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A non-drug approach to pain: Fringe therapies for fringe benefits? (Proceedings)

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Aug 01, 2009

Clients tend to come into our exam rooms with many different ideas on how to treat their pet's arthritis, both the pain and as a disease. Virtually all of the products are not drugs, and therefore have not undergone the scrutiny of the FDA approval process. Additionally, most products have undergone very little to no research. As a result, there is likely no scientific basis for their use. We know that any product can induce a placebo effect and that any company can choose to just report good testimonials and anecdotal information. A number of products have apparent efficacy and varying degrees of research to support their use. These include glucosamine/chondroitin products, oral hyaluronic acid formulations, Microlactin and elk antler velvet.

Glucosamine-containing supplements

There is ongoing controversy surrounding glucosamine –containing products for the treatment of osteoarthritis. The first important concept with these products is to recognize that not all products are created equally. A study from the University of Maryland in 2000 indicated that 80% of glucosamine containing products do not contain the amounts of glucosamine as indicated on the label. One way to help assure quality of ingredients is to find products which follow US Pharmacopaeia (USP) standards. The next important aspect is to recognize that not all glucosamine formulations have the same in vivo effects. For example, glucosamine sulfate is not nearly as efficacious as glucosamine HCl. After getting past the glucosamine, it is important to look at the other ingredients in the formulation.

Like glucosamine, chondroitin sulfate efficacy can vary depending on its particular formulation. Most products have high molecular weight chondroitin, which is absorbed very little from the GI tract of humans, dogs, and horses. Low molecular weight chondroitin, a small molecule, is a proprietary formulation found in Cosequin and Dasuquin and has associated data showing its absorption from the GI tract.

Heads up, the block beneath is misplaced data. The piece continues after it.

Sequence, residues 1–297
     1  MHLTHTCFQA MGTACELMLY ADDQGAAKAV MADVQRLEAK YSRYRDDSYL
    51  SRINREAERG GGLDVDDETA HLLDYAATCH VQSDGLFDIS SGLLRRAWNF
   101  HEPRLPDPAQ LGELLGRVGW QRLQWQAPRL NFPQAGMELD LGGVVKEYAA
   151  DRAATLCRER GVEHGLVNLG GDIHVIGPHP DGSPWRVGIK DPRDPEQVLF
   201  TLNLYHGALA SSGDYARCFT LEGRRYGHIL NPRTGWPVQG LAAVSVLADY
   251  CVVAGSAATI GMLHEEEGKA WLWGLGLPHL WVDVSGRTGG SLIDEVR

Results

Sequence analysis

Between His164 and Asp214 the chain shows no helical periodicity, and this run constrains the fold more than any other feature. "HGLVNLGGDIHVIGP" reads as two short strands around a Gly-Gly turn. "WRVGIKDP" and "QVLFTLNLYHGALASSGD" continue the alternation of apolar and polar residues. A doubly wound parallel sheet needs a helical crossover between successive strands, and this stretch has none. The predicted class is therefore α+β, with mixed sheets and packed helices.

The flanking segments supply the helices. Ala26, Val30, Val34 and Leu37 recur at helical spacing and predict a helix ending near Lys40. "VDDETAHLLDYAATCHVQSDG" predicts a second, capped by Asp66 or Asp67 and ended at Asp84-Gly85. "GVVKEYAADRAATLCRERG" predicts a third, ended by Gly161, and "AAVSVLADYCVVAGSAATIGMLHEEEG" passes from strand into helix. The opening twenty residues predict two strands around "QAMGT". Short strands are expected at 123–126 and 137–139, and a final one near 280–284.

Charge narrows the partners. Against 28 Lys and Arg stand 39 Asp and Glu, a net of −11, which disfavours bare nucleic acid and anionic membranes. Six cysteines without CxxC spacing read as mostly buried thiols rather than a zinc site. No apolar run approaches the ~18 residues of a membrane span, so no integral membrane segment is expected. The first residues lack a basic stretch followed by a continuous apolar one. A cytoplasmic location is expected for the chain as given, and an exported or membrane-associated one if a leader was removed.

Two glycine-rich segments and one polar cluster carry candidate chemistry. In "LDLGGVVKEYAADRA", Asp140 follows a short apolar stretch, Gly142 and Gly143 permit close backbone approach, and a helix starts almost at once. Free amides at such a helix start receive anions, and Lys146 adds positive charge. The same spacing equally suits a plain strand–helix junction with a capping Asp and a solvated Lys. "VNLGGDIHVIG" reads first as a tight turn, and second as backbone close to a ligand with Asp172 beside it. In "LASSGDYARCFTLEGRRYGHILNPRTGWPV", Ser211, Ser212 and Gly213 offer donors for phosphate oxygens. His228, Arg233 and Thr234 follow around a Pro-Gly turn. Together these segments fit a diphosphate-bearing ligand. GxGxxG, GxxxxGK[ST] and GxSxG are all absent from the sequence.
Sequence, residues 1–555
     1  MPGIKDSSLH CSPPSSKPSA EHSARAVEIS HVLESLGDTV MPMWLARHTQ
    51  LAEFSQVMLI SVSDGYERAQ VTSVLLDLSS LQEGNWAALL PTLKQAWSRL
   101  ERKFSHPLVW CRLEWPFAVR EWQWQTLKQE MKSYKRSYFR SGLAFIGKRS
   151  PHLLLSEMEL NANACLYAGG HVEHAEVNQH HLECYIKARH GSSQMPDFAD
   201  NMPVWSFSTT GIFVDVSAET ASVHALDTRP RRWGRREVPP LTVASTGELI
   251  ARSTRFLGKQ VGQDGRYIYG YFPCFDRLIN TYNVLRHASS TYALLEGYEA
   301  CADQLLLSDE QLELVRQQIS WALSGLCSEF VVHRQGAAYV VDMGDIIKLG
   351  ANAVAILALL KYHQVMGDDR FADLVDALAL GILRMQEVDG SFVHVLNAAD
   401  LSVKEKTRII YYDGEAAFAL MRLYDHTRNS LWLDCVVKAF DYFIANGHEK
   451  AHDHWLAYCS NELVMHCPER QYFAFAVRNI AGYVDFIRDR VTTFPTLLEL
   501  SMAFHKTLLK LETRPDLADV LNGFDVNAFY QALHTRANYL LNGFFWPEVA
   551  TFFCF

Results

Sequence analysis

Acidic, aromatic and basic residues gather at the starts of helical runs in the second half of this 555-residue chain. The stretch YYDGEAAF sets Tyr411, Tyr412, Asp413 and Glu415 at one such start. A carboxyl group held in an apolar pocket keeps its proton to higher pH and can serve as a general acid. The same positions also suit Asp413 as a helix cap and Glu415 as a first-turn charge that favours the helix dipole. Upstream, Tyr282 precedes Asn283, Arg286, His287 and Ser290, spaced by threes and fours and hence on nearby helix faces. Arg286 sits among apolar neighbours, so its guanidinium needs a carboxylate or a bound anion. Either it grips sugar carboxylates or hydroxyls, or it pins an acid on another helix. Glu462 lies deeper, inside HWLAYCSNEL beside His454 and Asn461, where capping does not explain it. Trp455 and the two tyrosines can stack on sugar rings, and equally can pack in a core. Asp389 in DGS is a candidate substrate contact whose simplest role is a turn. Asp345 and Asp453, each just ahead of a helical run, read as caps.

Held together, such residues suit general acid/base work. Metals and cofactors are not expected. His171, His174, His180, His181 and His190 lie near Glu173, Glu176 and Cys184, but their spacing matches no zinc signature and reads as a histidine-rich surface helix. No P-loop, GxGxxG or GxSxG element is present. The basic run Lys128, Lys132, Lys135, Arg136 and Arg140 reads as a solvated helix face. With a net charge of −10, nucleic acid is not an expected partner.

While glucosamine HCl and low molecular weight chondroitin have been documented to have significant bioactivity in cartilage, their combination with manganese, has a greater effect. Manganese has a catalyst effect, increasing bioactivity a significant amount.

Perna canaliculus, green lipped muscle, can be found in some products such as Glycoflex III. While the data is old, it has been shown to be effective at pain relief, at least in the laboratory setting.

There are a number of published papers which has shown that Cosequin (glucosamine HCl, low molecular weight chondroitin, and manganese) has many beneficial effects on cartilage in dogs and other species. This combination has also been shown to be a preventative effect. Patients receiving Cosequin prior to an acute joint injury heal more quickly than those who start to receive it afterwards.

Glycoflex III has Perna canaliculus, glucosamine HCl, manganese, methylsulfonylmethane (MSM), DMG, vitamins E&C, grape seed extract, glutathione, and selenium. Only the first three components have known efficacy associated with them. However, there is emerging data that Glycoflex III may reduce the severity of cartilage breakdown and synovitis and appears to have an anti-inflammatory effect. Data is still pending on its effect in clinically affected patients.

When evaluating data for any glucosamine containing product, be sure the material being presented by a company representative actually pertains to the particular product and not that of another manufacturer. This can happen quite frequently. Beware!

Hyaluronic acid


Figure 1. Graphical representation of the quantity of hyaluronic acid in normal knees and those with osteoarthritis.
Hyaluronic acid, (HA) exists naturally in all living organisms. It is found in greatest concentrations in the synovial fluid of joints for lubrication, the vitreous humor (fluid) of the eye, and in the skin. Hyaluronic acid plays an important role in tissue hydration, lubrication and cellular function, and is able to hold more water than any other natural substance. Hyaluronic acid (HA) is a special mucopolysacharide. Its concentration decreases with osteoarthritis. (Figure 1). When present in a joint, even a joint with minimal or no cartilage, it can provide a cushion effect. High molecular weight HA has been shown to provide better joint lubrication than low molecular weight HA.

Injectable hyaluronic acid is available as an FDA approved drug for use in horses (Legend).There are no FDA approved oral versions of HA. However, there is good evidence that high molecular weight HA is absorbed through the GI tract and provides good knee lubrication in humans. There are no comparable animal studies, but clinical impressions of many veterinarians are that oral HA can act as a good adjunct to increasing pain control in dogs and cats with osteoarthritis.